1. Know Your Customers Across Channels
Customers often report lower satisfaction when companies force them to visit multiple channels to resolve their support issues. Make sure your agents know your customers well, including what they want, their history with you, their preferred communication channels, etc. That way, if customers begin a conversation on email, they don't have to start over if they switch to phone or live chat.
2. Leverage The Information Your Customers Are Volunteering
Use your contact center as the collection point for complaints, comments, and product suggestions. Your team should centralize all customer data in one place, making it accessible to anyone involved in the customer service experience.
3. Use The Channels Your Customers Prefer
When a new customer arrives, that's the time to find out which channels they prefer for service assistance. As part of your on-boarding process or welcome call, have your agents ask which channels customers prefer to use for service issues. If part of your on-boarding includes a welcome email, include a handy "cheat sheet" of all of your service team's contact channels. As well, include calls-to-action in your marketing content asking customers to connect with you on their preferred mediums. Keep track of this data. You may uncover new ways to communicate, or find that one channel tends to be widely used - so more staff should focus there.
4. Make The Move Toward Mobile Customer Service
Mobile options, such as text messaging, aren't a dominant channel for most contact centers, but companies need to start thinking about it as a service option. Mobile offers a platform that's always with the customer, and offers a real one-on-one feel. Does your customer service center consider other options for customers to connect, like mobile and beyond?
5. Train Your Agents On All Channels
Your agents won't become multichannel masters overnight. As you add service channels, your customer support agents need to be trained on how to use them effectively. Staffing different channels means finding the hidden strengths of your existing service agents. Look at your team's previous experience, and actively solicit writing samples to find your team's most proficient writers. Make certain they're trained and ready to respond to your customers on channels that require written responses, such as email.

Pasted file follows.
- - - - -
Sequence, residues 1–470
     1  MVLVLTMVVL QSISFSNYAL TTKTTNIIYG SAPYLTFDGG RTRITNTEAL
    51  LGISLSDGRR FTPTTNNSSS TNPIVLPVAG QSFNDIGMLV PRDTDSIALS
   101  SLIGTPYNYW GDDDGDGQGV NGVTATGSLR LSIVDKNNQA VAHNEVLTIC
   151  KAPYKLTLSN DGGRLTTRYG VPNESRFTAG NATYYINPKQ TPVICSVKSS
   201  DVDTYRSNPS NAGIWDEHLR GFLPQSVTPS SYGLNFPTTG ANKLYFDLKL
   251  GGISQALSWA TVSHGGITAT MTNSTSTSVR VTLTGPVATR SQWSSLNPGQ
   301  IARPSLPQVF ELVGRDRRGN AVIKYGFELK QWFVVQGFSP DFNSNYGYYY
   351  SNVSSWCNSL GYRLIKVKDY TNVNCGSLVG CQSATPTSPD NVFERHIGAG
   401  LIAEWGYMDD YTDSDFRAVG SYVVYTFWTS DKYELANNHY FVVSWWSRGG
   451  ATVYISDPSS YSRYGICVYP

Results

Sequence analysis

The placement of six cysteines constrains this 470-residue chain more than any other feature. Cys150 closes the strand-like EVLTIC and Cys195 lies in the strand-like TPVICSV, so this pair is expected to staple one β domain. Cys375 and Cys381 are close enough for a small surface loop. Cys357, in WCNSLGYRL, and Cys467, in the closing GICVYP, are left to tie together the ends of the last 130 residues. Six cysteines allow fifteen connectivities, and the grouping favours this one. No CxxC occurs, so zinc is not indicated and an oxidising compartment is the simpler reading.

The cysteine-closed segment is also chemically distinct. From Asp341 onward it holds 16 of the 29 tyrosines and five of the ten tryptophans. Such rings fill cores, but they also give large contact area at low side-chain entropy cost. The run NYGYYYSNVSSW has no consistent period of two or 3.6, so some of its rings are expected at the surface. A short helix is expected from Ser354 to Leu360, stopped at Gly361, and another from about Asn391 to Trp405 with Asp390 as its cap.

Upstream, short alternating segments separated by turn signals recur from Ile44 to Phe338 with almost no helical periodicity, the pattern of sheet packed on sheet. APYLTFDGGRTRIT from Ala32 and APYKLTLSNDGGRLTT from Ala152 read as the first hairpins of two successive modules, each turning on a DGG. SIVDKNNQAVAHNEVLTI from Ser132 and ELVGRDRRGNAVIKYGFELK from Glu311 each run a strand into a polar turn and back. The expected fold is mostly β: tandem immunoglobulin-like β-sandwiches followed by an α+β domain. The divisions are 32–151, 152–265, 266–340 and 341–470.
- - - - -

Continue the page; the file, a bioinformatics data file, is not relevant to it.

6. Share Helpful Content
To really empower your customers, you must help them become sources of knowledge. Useful content, whether it's a blog post, webinar, or white paper, can not only help solve your customers' issues, it can enable them to easily share this information with others. To provide solid content, there has to be constant dialogue between the business and its customers to ensure the content is helpful, shareable and relevant to your customers' needs and challenges. Delivering the resources customers need on a consistent basis will establish more trust for ongoing collaborative relationships.
7. Keep It Real
Ensure your customer service teams are genuine, and encourage an open and candid tone with customers. If your customers feel comfortable, they will speak honestly - which helps you solve problems faster.
8. Turn Setbacks Into Solutions
Unfortunately, nearly all companies will have customers who like to gripe. Customer service provides a place for them to let off steam. Remember, this can be a productive development, helping current customers, as well as your product teams, understand product capabilities and limitations. Ensure your team treats every complaint as an opportunity to make your organization even better.
9. Remember Your Regulations When Adding Support Channels